Over an after-dinner cappuccino, while enjoying the modern music selections of jazz, soul and cutting-edge lounge playing in the background, I heard more of Blaise and Zohra’s fascinating story. It began when he and Moroccan-born, Zohra, who had only very recently married, packed up and moved to Bali, encouraged only by some random enthusiastic reports from others who had mentioned that people in Bali were nice and that there were lots of things to do on the island. After years of completing their own projects as well as designing other people’s dreams, they still relish each opportunity to live their own — to design a space from scratch exactly the way they want it. This experience is something akin to what is sought after in the film industry, the “Director’s Cut.” Zohra reflected that this comes from a passion to designing spaces that they themselves just love to be in. Their ultimate joy of life is hosting others and seeing people happy.

“The great satisfaction we had in making our own restaurant was to create a concept from A to Z without restrictions,” says Blaise. “We believe that the décor, the menu, the wine list, the uniforms, and the music are all part of a place. Being able to finalise our concept rather than stopping at just the décor was immensely satisfying.”


And what they’ve created is truly a delight, both expansive and warm, in true Indonesian style, but with a unique take that showcases their Moroccan and European roots. The name Balique captures the spirit here perfectly – conjuring up “unique”, “antique” with an open-air Bali concept. They did, however, come by it more honestly – their daughter’s name is Balquisse which inspired them to call the restaurant, Balik, Indonesian for “return”, and then, just like they did with the eatery itself, gave the final name a French twist.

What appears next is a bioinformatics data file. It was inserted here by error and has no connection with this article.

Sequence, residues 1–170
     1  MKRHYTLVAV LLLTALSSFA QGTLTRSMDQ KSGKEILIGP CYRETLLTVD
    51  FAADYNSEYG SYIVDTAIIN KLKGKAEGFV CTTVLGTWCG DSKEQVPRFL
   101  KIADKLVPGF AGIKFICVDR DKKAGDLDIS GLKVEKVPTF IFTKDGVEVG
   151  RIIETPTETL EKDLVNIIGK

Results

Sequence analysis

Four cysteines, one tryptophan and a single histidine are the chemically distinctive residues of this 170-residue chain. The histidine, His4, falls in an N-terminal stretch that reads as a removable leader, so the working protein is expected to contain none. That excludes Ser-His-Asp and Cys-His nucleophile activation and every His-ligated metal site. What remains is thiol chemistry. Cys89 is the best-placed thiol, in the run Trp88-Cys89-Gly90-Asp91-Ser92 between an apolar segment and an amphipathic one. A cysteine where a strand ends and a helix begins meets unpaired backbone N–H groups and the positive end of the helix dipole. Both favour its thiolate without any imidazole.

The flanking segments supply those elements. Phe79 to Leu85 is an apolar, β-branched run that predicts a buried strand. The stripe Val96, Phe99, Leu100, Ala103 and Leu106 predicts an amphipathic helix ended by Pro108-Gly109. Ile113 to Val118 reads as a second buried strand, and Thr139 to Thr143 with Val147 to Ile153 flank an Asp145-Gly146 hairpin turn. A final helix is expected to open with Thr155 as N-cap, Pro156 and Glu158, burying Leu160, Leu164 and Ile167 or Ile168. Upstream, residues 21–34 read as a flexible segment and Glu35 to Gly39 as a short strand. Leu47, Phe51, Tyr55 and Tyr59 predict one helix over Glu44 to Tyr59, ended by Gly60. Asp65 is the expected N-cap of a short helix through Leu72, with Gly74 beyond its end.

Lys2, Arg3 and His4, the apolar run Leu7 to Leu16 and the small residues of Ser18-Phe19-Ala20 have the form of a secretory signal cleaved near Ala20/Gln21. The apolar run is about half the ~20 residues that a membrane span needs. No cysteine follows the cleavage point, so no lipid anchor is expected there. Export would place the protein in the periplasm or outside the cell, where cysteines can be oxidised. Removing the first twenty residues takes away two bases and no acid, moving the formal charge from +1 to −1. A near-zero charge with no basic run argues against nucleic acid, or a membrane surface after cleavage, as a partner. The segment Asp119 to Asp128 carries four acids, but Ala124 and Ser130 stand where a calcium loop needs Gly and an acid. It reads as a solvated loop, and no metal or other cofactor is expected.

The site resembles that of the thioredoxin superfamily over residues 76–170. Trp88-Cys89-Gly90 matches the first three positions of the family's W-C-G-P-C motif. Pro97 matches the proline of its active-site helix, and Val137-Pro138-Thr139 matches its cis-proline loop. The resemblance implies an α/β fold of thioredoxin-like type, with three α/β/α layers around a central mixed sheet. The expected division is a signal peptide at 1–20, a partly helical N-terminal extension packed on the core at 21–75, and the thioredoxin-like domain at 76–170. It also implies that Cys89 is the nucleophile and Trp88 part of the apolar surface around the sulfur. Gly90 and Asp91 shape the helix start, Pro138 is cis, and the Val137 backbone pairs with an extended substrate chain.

BISTROT, the latest restaurant entry in the heart of Seminyak on Oberoi Street, presents the diner with exactly what its name implies – a vintage Parisian eatery serving good home style food without the to-do of a formal establishment. It all takes place in a beautiful converted warehouse that resembles a refurbished European train station, incorporating a style straight from Soho.

The Soho look, which has its roots in New York’s south of Houston Street area was the center of a design revolution in in the late 1880’s when Iron began being used as a building material. This allowed enormous windows and high vaulted ceilings to be shaped into factories. Later, after the textile industry moved on, the area became a slum referred to as ‘Hell’s Hundred Acres’, only to rise once again proving true the axiom, “one man’s loss is another man’s gain”, as artists and designers flocked there to convert those high-ceiled buildings into lofts, clubs and restaurants.